Lorraine Jackson, 51, allowed her pub in Preston, Lancashire, to be used as a factory sending spices to prisoners after she was filmed dancing on a beer keg and singing about double-dipping drugs
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A landlady who allowed her pub to be used as a base for an illegal operation to deliver spices to prison was spared jail.
Lorraine Jackson had her daughter and her prison friend use her property as a drug factory for inmates, LancsLive Report.
She denied any knowledge of the conspiracy when questioned by police but eventually pleaded guilty to converting the premises of the Gamull pub in Preston, Lancashire.
The operation was led by prisoner Asaiah Facey and saw his girlfriend Shannon send Jackson letters dipped in the liquid form of the drug to be sent to prison.
A fake attorney’s stamp was used to deceive prison staff into believing that the letters contained legal correspondence and therefore could not be opened.
It’s unclear how much money was made through the scheme, but Preston Crown Court heard a single sheet of paper could sell for £900, with multiple sheets sent in each letter.
Around 35 letters have been linked to the Facey and Shannon Jackson conspiracy along with payments of £1,300 from a prisoner.
Evidence was found on one of the confiscated phones showing the 51-year-old woman performing a bizarre song and dance routine about drugs.
Referring to “Double Dip, Triple Dip” — in reference to the methods used to make the sheets stronger and more expensive — she occasionally drifts into a version of Afroman’s 2000 hit “Because I Got High.”
This video was played during her court hearing. Her song, which appears to mock the prisoners who bought the drugs from Facey, was accompanied by an equally merry dance as Lorraine Jackson stands on a barrel and kicks her feet in the air.
The video was played in court when the woman was given a suspended sentence earlier this month.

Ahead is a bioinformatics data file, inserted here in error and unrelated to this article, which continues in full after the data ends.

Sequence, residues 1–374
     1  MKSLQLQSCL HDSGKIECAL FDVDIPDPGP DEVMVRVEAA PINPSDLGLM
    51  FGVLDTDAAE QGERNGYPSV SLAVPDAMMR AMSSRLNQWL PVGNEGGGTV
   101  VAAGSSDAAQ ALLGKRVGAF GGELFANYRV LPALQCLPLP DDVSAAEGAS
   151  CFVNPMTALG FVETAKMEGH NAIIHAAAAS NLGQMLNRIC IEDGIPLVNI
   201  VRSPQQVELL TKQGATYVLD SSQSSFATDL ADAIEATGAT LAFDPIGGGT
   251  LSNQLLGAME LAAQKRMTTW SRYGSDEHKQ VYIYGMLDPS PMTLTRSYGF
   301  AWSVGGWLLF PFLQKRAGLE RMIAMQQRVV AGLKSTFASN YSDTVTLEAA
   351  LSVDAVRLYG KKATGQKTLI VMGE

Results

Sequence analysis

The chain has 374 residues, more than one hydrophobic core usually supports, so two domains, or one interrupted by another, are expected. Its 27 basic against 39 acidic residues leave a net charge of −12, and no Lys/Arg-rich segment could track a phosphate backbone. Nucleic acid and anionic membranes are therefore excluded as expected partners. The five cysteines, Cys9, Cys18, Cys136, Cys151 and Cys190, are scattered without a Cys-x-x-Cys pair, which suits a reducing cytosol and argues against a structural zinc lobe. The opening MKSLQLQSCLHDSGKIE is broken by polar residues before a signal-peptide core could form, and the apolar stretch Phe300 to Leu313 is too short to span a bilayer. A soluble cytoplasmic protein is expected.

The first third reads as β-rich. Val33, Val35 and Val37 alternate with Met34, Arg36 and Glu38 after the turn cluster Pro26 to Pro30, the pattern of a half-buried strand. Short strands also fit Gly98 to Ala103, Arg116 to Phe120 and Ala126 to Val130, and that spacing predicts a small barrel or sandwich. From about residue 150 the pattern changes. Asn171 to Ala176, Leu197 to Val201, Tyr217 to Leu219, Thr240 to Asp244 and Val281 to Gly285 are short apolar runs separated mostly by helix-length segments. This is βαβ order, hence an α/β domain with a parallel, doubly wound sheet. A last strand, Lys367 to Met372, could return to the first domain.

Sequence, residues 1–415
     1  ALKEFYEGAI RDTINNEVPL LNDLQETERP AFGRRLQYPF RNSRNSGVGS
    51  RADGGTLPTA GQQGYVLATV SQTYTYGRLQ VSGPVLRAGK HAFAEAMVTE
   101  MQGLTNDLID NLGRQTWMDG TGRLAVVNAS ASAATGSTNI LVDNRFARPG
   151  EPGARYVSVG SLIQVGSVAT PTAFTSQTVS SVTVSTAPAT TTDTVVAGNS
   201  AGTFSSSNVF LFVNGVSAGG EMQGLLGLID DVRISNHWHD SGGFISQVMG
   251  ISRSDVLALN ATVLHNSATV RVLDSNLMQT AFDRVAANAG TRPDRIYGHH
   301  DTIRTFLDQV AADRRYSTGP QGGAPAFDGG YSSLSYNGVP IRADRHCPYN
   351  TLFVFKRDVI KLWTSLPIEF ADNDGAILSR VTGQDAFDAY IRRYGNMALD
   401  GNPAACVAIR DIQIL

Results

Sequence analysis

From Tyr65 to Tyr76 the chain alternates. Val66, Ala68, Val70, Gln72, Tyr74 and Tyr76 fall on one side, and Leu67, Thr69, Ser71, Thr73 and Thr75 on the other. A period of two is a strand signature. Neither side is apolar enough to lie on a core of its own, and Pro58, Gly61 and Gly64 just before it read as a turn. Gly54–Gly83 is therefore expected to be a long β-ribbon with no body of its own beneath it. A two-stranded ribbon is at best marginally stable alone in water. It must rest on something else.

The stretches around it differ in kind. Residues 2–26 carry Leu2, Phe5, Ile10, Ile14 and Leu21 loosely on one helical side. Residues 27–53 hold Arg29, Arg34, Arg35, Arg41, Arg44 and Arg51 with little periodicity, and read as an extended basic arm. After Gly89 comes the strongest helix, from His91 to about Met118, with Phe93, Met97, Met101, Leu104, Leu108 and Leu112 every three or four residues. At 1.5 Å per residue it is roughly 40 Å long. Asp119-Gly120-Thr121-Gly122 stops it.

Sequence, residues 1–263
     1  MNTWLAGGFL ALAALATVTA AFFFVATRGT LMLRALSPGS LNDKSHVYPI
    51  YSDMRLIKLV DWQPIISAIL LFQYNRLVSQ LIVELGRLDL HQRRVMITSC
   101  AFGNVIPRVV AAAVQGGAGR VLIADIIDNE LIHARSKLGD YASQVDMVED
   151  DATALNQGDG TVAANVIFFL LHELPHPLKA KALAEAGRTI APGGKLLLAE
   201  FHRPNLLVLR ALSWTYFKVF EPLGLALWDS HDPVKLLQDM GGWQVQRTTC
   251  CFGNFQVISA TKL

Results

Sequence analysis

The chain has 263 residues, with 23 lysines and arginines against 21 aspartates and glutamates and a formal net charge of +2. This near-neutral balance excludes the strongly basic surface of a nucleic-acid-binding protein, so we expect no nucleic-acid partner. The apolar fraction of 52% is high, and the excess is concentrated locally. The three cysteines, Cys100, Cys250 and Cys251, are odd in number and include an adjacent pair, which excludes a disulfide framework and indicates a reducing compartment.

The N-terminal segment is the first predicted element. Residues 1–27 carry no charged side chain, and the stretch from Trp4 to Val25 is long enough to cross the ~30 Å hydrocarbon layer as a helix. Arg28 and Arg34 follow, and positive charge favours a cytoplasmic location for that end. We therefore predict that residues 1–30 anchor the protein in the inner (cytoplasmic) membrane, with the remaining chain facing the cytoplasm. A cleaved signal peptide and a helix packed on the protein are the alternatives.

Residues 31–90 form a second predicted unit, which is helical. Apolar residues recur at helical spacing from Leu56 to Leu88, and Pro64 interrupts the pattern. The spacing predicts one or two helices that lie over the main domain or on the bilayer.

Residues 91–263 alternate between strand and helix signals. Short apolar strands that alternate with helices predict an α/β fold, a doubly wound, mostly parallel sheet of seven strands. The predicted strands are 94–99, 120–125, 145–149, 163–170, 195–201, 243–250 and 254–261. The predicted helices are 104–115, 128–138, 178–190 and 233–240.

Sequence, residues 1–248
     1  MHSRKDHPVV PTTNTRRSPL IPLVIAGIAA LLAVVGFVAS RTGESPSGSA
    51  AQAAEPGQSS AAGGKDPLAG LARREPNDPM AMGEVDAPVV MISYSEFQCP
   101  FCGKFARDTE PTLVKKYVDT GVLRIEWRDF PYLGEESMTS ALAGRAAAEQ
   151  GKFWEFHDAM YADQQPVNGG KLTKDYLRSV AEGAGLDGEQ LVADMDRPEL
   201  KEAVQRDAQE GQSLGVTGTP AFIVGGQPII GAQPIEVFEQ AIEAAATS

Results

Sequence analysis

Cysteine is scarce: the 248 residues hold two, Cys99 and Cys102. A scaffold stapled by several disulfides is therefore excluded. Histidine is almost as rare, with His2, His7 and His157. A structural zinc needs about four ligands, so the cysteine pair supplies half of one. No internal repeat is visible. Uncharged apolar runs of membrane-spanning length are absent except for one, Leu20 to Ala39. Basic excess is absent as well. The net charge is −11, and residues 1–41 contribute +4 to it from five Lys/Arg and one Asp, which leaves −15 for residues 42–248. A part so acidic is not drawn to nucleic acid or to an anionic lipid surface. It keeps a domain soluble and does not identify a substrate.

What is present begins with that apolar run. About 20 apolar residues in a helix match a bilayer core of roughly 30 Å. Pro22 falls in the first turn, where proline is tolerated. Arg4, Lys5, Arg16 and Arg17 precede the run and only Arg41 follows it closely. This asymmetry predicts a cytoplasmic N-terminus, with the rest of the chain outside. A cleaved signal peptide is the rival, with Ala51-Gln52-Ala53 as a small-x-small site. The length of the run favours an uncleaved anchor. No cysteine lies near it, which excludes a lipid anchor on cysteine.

In comments on LancsLive’s Facebook page, Lorraine Jackson, who pleaded guilty, said: “I didn’t allow all this, it’s a lot of rubbish”.
Jackson admitted the offense in court and was convicted accordingly, with her sentence reduced to that guilty plea. She will also have the 23-week sentence hanging over her head for next year and have to complete 100 hours of unpaid work.
Paul Brookwell, prosecutor, told the court: “There was an operation where drugs, namely spices, were laced in liquid form in papers. In some cases they have been dipped one, two or three times, increasing their strength and value.”
The letters were sent to HMP Northumberland with a Rule 39 stamp and the name ABV Solicitors, meaning prison staff were not allowed to see the contents.
However, they became suspicious and realized the name was fake, prompting them to inform the police and expose the conspiracy.
Letters had been sent from post offices in the Preston area, including one a few doors down from the Longridge Road pub, and most deliveries had been paid for with Shannon Jackson’s bank card.
The prepaid letters had also been purchased using Shannon Jackson’s card and the delivery note was made out in Lorraine Jackson’s bedroom. A search of the property uncovered other items related to the operation, which will not be destroyed.
According to Mr Brookwell, police were unable to ascertain the extent of the operation to determine how much money had been made, but 11 letters were intercepted, most of which contained several sheets of paper tied with shoelaces.
News and bank payments pointed to another 19, and a handwritten note pointed to another five. Four bank payments from a prisoner were linked to the sale of spices and totaled more than £1,300.
David Traynor defended, saying Lorraine Jackson, 51, had no financial benefit other than by borrowing money from her daughter.
He contested the judge’s suggestion that the penalties should be higher based on the use of business premises as they did not take place in public areas or used the pub as a frontage.
“It’s very different than a barmaid who deals drugs who pretends to be selling drinks but is actually selling drugs,” he said.
At the sentencing, Judge Heather Lloyd criticized Lorraine Jackson’s responses to the author of a pre-sentencing report, saying it showed denial and a lack of remorse for what she did.
She added: “You are the manager of the Gamull Public House where you live with your daughters and grandchild.
“One of your references says you made the inn important to the community and don’t put up with a mess from young people. However, I don’t think the community would be pleased to hear that you allow the premises to be used to sell drugs, spices are a scourge in the community. I also doubt that the brewery would be happy about that.”
Judge Lloyd said it was clear she knew about the operation by singing about it, texting Facey’s phone, which he wasn’t allowed in jail, and by the presence of the letters and stamps in the house.
Facey, 31, was previously sentenced to four years in prison for his role in the operation and Shannon Jackson has already served the 18-month prison sentence for her role.
https://www.mirror.co.uk/news/uk-news/pub-landlady-filmed-singing-drugs-27274946 Pub keeper filmed singing about drugs while basement is being used as a spice factory for inmates